Don’t undermine Yukon’s regulatory regime

Linda Leon Open letter to MP Ryan Leef: Bill S-6, which will amend the Yukon Environmental and Socio-economic Assessment Act, is now before Parliament. It was introduced through the unelected Senate, an allowable if questionable route for bills to take.

by Linda Leon

Open letter to MP Ryan Leef:

Bill S-6, which will amend the Yukon Environmental and Socio-economic Assessment Act, is now before Parliament. It was introduced through the unelected Senate, an allowable if questionable route for bills to take.

The Yukon Environmental and Socio-economic Assessment Act is a carefully written document that respects First Nations, non-native citizens, the business community, the mining industry and future generations. The process of creating YESAA was transparent.

Bill S-6, meanwhile, was concocted through secret consultations between federal and territorial representatives and the mining community. First Nations were allowed to sit at the table but, if Grand Chief Ruth Massie of the Council of Yukon First Nations is to be believed, their input was ignored. The public was not informed of the process nor was it welcome at the table.

Ken McKinnon, acting chair of the assessment board, had his invitation to testify before the Senate committee withdrawn because “appearance in person will not be necessary.”

When one vested interest has the ear of government and the majority of citizens are snubbed, we should be concerned about the impartiality of our governments.

One amendment allows new proposals by resource extraction industries to be covered by old assessment requirements, regardless of the size or scope of the new projects.

Bill S-6 changes regulatory authority in Yukon. As a check and balance, the assessment board was set up to be arms-length from the territorial government and, by extension, pressure from vested interest groups. Bill S-6 allows “the minister of Aboriginal Affairs and Northern Development with the authority to provide binding policy direction to the Yukon Environmental Socio-economic Assessment Board.” This subverts YESAA, the Umbrella Final Agreement and Yukon First Nations’ final agreements, which are interconnected. Giving authority to the federal government is a sideways maneuver to strip the assessment board of its immunity from influence.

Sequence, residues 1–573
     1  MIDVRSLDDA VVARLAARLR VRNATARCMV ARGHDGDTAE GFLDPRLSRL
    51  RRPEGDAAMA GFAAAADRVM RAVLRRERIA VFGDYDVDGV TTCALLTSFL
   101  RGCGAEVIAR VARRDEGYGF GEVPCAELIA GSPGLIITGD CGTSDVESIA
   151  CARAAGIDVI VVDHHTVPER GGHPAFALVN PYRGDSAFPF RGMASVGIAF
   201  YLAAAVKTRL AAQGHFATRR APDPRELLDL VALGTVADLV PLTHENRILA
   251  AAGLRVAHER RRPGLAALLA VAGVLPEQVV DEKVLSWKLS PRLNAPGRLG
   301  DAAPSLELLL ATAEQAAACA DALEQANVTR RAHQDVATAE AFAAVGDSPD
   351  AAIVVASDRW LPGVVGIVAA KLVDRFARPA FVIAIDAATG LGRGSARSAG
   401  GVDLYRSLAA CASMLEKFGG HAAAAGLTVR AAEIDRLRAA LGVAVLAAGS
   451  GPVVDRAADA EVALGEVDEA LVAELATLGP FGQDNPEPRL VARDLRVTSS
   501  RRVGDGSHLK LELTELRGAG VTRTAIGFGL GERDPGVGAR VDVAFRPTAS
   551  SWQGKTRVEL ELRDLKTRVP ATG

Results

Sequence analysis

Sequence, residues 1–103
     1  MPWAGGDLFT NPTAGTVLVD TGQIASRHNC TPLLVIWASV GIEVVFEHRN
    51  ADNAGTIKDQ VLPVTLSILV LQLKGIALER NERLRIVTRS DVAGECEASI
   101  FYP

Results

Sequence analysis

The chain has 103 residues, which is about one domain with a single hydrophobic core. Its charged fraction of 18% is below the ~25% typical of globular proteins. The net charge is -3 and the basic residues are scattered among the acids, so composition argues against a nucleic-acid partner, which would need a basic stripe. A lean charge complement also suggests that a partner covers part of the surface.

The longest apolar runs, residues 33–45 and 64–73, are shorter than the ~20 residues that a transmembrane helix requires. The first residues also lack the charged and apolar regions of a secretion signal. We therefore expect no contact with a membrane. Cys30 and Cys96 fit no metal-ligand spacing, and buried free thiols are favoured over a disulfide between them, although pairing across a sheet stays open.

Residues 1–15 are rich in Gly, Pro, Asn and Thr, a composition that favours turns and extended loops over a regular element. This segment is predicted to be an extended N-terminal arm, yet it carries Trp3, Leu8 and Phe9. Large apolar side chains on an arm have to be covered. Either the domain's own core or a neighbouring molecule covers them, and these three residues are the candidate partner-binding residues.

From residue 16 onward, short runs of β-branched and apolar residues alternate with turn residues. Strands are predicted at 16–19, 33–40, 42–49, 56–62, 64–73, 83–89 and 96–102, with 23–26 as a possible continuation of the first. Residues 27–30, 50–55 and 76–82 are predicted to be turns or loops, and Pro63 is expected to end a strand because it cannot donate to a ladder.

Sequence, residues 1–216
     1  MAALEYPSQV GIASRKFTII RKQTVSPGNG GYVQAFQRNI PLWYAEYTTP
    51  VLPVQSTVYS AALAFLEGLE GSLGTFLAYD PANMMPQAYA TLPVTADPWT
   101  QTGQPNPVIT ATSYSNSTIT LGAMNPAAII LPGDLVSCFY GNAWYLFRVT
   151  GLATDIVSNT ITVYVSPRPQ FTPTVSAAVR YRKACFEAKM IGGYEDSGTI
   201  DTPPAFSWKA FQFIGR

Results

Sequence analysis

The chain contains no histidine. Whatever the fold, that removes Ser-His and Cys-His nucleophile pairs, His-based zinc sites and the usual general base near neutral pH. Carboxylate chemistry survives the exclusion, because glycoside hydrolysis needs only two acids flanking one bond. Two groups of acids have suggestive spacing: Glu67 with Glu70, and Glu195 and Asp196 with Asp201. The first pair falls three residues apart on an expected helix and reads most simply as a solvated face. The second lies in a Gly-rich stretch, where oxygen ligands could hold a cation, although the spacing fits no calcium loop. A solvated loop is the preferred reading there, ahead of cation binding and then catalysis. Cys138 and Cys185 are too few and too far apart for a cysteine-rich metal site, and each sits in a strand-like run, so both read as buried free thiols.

Checks and balances were born out of an understanding that human beings are weak and that power corrupts. That is why they exist in democracies and not in corrupt authoritarian regimes.

Miners’ frustrations over what they see as bureaucratic slowness are understandable. Time delays over environmental assessments do cost money. However, miners’ claim that the length of time to receive approvals has increased in the last few years is not supported by facts.

Reasonable people would endorse Bill S-6 if they thought that it truly helped “improve the environmental review process.” However, there is little in Bill S-6 to support that idea. Bill S-6 is a poorly written document filled with verbiage and loopholes. Nothing in the bill directly addresses time delays for assessments. It merely removes the need for oversight of additional projects and allows a federal minister to override the assessment board.

I contend that Bill S-6 is designed to make the resource extraction industry less accountable for their actions thereby creating wealth at the expense of the environment and the social well-being of northerners.

This bill is regressive. Please do not support Bill S-6.

Linda Leon is a Whitehorse freelance writer.

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